Miami, FL

Florida AG intervenes in Cornerstone suit

January 28, 2008
The Florida Attorney General's Office said it intervened in a lawsuit filed by a man with AIDS who alleges Cornerstone Residential Management Co. barred him from renting an apartment because of his illness.
     Cornerstone had argued Techler Dugoirand's case should be thrown out because he did not file a claim with an administrative agency first, however, the attorney general's office and the Miami-Dade County Attorney's Office argued that a long-standing fair housing precedent protects the rights of housing discrimination victims to go straight to court.
     

Apartment developer probed over discrimination claims

August 01, 2007
When Donna Weissinger's marriage collapsed in 2003, she and three of her children found themselves living in their car and on friends' couches.
     Her attorney says it didn't have to be that way, and filed a civil lawsuit against a developer of apartment housing, alleging the company refused to rent a three-bedroom affordable apartment built with tax breaks because Weissinger had too many kids. The case is pending.

Records reveal major lobbying campaign at HUD by Abramoff

December 12, 2006
Last spring, as the fallout from disgraced super lobbyist Jack Abramoff's January guilty plea swirled through Washington, a spokeswoman for the U.S. Department of Housing and Urban Development said the agency was unaware of any lobbying Abramoff had done there.
     Now, though, e-mail and billing records turned over to a congressional committee by Greenberg Traurig, the Miami-based firm that employed Abramoff, say that Abramoff and others conducted a coordinated lobbying campaign at HUD in 2002-03 on behalf of Michigan's Saginaw Chippewa Indian tribe.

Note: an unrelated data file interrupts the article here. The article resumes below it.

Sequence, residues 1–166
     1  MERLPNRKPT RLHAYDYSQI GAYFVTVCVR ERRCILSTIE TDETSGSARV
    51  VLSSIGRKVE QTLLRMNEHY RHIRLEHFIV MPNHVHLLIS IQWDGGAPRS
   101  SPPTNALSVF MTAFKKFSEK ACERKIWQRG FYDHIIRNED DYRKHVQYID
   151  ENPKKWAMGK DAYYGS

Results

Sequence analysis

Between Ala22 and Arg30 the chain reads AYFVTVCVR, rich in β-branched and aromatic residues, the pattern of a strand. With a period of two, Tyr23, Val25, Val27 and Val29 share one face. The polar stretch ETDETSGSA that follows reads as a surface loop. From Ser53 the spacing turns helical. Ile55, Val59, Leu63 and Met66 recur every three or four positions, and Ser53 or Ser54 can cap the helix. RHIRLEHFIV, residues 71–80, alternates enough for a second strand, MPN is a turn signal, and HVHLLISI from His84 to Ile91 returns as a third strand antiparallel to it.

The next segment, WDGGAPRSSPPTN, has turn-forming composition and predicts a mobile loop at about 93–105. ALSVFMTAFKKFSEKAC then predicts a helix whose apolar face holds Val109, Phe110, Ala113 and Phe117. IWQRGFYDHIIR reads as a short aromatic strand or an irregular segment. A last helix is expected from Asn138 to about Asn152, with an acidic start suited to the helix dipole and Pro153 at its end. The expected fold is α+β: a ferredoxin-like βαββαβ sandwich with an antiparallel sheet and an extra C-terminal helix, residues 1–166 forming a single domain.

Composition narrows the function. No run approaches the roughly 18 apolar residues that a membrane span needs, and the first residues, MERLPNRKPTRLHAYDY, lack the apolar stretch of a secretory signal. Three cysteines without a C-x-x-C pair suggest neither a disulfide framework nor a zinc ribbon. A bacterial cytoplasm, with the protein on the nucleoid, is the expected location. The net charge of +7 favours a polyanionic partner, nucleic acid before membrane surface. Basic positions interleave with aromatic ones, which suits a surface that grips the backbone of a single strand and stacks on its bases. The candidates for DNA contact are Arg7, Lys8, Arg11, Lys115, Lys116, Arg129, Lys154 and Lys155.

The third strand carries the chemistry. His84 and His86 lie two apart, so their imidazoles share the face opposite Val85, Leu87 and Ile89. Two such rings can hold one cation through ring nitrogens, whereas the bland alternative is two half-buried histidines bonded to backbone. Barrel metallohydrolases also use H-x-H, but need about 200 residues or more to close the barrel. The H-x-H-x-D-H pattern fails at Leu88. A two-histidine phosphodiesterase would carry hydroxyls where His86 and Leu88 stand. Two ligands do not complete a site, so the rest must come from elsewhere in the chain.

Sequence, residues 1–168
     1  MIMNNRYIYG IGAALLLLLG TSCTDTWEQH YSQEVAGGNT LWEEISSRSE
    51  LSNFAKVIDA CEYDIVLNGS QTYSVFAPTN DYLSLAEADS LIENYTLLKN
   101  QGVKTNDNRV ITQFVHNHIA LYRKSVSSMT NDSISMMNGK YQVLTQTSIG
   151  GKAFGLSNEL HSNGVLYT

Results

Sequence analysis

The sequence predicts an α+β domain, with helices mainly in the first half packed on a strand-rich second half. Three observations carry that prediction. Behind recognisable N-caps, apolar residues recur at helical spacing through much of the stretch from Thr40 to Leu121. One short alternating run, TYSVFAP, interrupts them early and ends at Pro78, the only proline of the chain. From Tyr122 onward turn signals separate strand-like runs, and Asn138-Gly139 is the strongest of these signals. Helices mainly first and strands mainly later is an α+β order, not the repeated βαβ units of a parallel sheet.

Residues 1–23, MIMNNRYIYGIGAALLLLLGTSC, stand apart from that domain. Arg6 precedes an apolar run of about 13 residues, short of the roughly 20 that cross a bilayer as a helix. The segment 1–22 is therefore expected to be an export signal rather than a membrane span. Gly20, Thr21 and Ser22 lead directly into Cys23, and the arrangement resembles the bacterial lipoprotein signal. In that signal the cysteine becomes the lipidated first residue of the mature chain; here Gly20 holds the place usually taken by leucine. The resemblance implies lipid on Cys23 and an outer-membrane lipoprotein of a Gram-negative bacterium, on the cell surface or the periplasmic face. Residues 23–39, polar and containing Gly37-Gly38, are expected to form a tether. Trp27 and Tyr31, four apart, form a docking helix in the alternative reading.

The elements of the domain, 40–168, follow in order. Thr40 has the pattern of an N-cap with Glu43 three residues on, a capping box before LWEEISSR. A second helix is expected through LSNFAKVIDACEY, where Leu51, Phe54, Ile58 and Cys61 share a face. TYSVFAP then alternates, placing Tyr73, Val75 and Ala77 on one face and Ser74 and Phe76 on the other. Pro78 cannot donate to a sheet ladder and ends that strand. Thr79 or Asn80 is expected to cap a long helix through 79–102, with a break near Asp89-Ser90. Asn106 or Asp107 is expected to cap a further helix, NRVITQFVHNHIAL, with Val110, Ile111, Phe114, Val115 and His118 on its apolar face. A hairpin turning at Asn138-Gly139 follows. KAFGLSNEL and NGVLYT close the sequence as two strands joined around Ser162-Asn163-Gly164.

The campaign involved lobbying contacts with at least three high-ranking HUD officials, including current HUD Secretary Alphonso Jackson, the records say.

Ads offer to swap rent for sex

March 19, 2006
Upscale executive seeks beautiful female 18-24 to live in his luxury condo in Coral Gables for $1/month in exchange for some light duties. Help take care of dog, cook occasionally. Sex 2x/week. Serious inquires only. Please email a picture for consideration.
     The Coral Gables man who offered that startling pitch in a recent posting on the popular website Craigslist.com is among a growing pool of men who routinely seek sexual favors in the room-for-rent section of Internet ads.

South Floridians who overcame share experiences

January 01, 2005
Many saw it as their duty. Others helped reluctantly -- at least at first. Ultimately they each embraced the idea that changes were necessary to bring equal access and better living conditions to black Americans.
     Dedicated activists, college students and working-class people spearheaded the modern-day civil rights movement -- roughly defined by the series of historic events that occurred between 1954 and 1970.
     During this turbulent period, some of them endured threats of physical violence and risked going to jail.

Martinez, Castor win nominations in Fla.

September 01, 2004
Former HUD Secretary Mel Martinez scrapped and scraped his way to a surprisingly easy victory Tuesday in the bare-knuckle Republican U.S. Senate primary, while Democrat Betty Castor surprised no one by sauntering into her party's nomination.